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    How to Create Your Life Vision

    Don’t expect a clear and well-defined vision overnight—envisioning your life and determining the course you will follow requires time, and reflection. You need to cultivate vision and perspective, and you also need to apply logic and planning for the practical application of your vision. Your best vision blossoms from your dreams, hopes, and aspirations. It will resonate with your values and ideals, and will generate energy and enthusiasm to help strengthen your commitment to explore the possibilities of your life.

    What Do You Want?

    The question sounds deceptively simple, but it’s often the most difficult to answer. Allowing yourself to explore your deepest desires can be very frightening. You may also not think you have the time to consider something as fanciful as what you want out of life, but it’s important to remind yourself that a life of fulfillment does not usually happen by chance, but by design.

    It’s helpful to ask some thought-provoking questions to help you discover the possibilities of what you want out of life. Consider every aspect of your life, personal and professional, tangible and intangible. Contemplate all the important areas, family and friends, career and success, health and quality of life, spiritual connection and personal growth, and don’t forget about fun and enjoyment.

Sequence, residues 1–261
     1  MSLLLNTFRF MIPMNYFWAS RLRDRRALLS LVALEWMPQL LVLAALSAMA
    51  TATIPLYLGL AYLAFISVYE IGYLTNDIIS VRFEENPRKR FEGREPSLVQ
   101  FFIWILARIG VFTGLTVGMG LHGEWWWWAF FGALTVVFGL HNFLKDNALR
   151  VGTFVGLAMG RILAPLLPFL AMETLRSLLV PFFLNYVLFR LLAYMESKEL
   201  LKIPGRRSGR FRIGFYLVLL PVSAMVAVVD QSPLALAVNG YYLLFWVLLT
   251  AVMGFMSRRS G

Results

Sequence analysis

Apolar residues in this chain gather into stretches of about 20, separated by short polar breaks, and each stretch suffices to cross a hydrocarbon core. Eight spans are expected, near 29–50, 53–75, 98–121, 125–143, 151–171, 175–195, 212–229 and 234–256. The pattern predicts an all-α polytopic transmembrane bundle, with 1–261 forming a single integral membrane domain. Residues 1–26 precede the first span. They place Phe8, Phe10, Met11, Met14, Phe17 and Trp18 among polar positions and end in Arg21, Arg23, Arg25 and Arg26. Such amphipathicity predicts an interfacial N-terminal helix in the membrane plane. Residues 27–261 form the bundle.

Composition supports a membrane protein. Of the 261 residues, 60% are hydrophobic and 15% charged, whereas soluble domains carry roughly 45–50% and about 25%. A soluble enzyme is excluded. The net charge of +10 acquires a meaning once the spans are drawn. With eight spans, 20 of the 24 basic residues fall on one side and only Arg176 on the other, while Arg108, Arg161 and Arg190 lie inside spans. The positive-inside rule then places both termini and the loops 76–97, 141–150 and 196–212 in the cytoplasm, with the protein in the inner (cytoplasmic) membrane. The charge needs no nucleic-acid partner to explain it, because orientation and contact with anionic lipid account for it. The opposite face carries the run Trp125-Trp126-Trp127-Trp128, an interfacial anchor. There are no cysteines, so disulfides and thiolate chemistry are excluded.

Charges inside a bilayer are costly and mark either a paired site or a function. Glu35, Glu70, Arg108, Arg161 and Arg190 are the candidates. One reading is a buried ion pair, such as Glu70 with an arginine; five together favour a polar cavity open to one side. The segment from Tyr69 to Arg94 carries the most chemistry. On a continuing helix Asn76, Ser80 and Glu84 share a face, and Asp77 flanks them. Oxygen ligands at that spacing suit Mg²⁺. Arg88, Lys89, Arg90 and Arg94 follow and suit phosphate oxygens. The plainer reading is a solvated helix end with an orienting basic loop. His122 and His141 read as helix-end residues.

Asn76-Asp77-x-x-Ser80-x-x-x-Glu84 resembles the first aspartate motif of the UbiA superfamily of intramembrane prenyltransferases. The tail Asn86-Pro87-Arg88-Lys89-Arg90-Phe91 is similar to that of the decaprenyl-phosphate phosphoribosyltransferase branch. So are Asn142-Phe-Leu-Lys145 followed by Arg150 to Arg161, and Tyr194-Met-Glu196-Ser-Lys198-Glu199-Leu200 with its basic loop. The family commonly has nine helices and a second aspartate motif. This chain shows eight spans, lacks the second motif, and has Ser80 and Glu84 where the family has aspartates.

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    Some tips to guide you:

    • Remember to ask why you want certain things
    • Think about what you want, not on what you don’t want.
    • Give yourself permission to dream.
    • Be creative. Consider ideas that you never thought possible.
    • Focus on your wishes, not what others expect of you.

    Some questions to start your exploration:

    • What really matters to you in life? Not what should matter, what does matter.
    • What would you like to have more of in your life?
    • Set aside money for a moment; what do you want in your career?
    • What are your secret passions and dreams?
    • What would bring more joy and happiness into your life?
    • What do you want your relationships to be like?
    • What qualities would you like to develop?
    • What are your values? What issues do you care about?
    • What are your talents? What’s special about you?
    • What would you most like to accomplish?
    • What would legacy would you like to leave behind?

    It may be helpful to write your thoughts down in a journal or creative vision board if you’re the creative type. Add your own questions, and ask others what they want out of life. Relax and make this exercise fun. You may want to set your answers aside for a while and come back to them later to see if any have changed or if you have anything to add.

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    What Would Your Best Life Look Like?